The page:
Tarun Khanna

Jorge Paulo Lemann Professor

Tarun Khanna is the Jorge Paulo Lemann Professor at the Harvard Business School, where he has sought for two decades to study the drivers of entrepreneurship in emerging markets as a means of economic and social development. At HBS since 1993, after obtaining degrees from Princeton and Harvard, he has taught courses on strategy, corporate governance and international business to MBA and Ph.D. students and senior executives. For many years, he has served as the Faculty Chair for HBS activities in India and South Asia.


A summary of his work on emerging markets appeared in his 2010 co-authored book, Winning in Emerging Markets, and an example of his comparative work on entrepreneurship appears in his 2008 first-person analysis of China and India, Billions of Entrepreneurs, both published by Harvard Business Press and translated into many languages. In 2014, his piece, Contextual Intelligence, was a runner-up for the McKinsey Prize for the year’s best article in the Harvard Business Review.


He was named the first director of the university-wide Harvard South Asia Institute in the fall of 2010.  The institute rapidly grew to engage over 150 faculty from across Harvard in projects embracing the pure sciences, social sciences and the humanities, and spanning the region from Afghanistan to Myanmar. In this role, he currently teaches a popular university-wide elective course, Contemporary Developing Countries, where students work in multi-disciplinary teams to devise practical solutions to complex social problems.  The course is part of Harvard’s undergraduate general education core curriculum, and is rare in that it also attracts graduate students from across the university, engaging everyone from sophomores to surgeons.


In 2007, he was nominated Young Global Leader (under 40) by the World Economic Forum; and in 2009, elected as a Fellow of the Academy of International Business.  In 2015, he was named by the Government of India to chair the national commission to help shape the fabric of India’s entrepreneurial ecosystem.  Outside HBS, he serves on numerous for-profit and not-for-profit boards in the US and India, including AES, a Washington DC headquartered global power company, and India-based SKS Microfinance, one of the world’s largest firms dedicated to financial inclusion for the poor.  He is a co-founder of several entrepreneurial ventures in the developing world, spanning India, China, Southeast Asia and the Middle East. Recently, he co-founded Axilor, a vibrant incubator in Bangalore. In 2015, he was appointed a Trustee of Boston’s Museum of Fine Arts.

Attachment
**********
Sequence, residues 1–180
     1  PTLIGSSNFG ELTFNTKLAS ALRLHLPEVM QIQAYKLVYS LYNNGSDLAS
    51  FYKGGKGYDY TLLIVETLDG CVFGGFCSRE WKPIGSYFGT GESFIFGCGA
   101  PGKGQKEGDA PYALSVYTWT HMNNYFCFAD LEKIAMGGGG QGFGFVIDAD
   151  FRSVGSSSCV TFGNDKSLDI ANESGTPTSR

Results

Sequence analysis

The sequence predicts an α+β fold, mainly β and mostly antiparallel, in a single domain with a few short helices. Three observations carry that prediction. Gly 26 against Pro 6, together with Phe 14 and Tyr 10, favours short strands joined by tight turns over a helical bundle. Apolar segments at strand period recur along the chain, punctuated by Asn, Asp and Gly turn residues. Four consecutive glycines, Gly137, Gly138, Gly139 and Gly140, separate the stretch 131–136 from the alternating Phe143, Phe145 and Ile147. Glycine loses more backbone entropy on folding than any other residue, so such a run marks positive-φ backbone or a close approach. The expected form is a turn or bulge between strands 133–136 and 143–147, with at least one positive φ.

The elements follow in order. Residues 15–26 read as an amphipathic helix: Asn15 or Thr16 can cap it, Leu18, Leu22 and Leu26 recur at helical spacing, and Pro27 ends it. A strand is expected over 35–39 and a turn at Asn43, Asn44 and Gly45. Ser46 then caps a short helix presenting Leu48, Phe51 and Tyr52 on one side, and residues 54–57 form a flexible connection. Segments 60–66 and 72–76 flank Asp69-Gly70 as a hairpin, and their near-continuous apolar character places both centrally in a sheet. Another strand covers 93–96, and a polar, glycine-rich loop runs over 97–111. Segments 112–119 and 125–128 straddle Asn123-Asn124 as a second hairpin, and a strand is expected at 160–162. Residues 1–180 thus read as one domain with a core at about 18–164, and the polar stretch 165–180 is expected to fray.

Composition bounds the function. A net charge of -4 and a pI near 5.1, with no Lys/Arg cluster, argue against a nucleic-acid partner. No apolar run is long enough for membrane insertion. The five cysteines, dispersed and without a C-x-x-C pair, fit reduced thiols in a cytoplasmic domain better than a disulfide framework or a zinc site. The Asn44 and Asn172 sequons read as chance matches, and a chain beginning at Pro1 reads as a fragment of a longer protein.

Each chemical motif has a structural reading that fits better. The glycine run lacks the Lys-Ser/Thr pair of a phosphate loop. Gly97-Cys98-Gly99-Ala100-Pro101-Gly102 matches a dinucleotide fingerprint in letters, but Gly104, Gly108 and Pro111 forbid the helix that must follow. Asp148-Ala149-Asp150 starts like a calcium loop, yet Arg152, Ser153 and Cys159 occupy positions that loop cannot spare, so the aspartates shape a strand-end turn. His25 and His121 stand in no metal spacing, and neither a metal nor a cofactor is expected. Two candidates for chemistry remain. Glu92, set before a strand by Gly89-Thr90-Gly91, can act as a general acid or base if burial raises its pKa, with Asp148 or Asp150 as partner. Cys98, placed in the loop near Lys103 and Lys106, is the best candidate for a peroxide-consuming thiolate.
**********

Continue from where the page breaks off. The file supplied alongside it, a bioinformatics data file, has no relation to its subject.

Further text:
He lives in Newton, MA, with his wife, daughter and son.

 

Course Development

Contemporary South Asia: Entreprenuerial Solutions to Intractable Social and Economic Problems

The primary objective of the course is to engage students with the modern day challenges affecting South Asia, and to examine a range of entrepreneurial attempts to solve these problems. The course focuses on several categories of social and economic problems faced by the countries of South Asia, with specific focus on the realms of Education, Health, and Financial Inclusion. The goal is to understand ways in which entrepreneurial action can effectively tackle major socioeconomic problems in South Asia, by combining knowledge of historical causes, qualitative and quantitative evidence, and context-specific knowledge of the commonalities and differences across South Asian countries.

For a video of the course trailer (SW 47) please download
here 

Globalization of Emerging Markets

A comprehensive look at emerging markets, including the BRIC countries (Brazil, Russia, India, China), as they integrate with today's world economy. We will offer a conceptual framework to analyze emerging markets from multiple lenses - that of indigenous entrepreneurs struggling to overcome constraints to build world-class businesses, that of multinationals from the developed triad countries tapping into emerging markets for their next growth spurt, that of investors in the developed world seeking to profit from investment opportunities, and that of policymakers in developed and developing countries seeking to understand this new wave of globalization. The course is an experimental half-course that builds on our past decade of research in emerging markets, and draws on foundational material from first-year Strategy, Finance, and BGIE.

Year

Course
Fall 2006 Globalization of Emerging Markets (GEM) Syllabus

Strategy

The objective of this course is to help students develop the skills for formulating strategy. It provides an understanding of: (1)A firm's operative environment and how to sustain competitive advantage (2)How to generate superior value for customers by designing the optimum configuration of the product mix and functional activities (3) How to balance the opportunities and risks associated with dynamic and uncertain changes in industry attractiveness and competitive position. Students learn to: Develop a mastery of a body of analytical tools and the ability to take an integrative point of view. Use these tools to perform in-depth analyses of industries and competitors, predict competitive behavior, and analyze how firms develop and sustain competitive advantage over time. Particular attention is paid to competitive positioning; understanding comparative costs; and addressing issues such as cannibalization, network externalities, and globalization.

Year

Course
Spring 2006 Strategy syllabus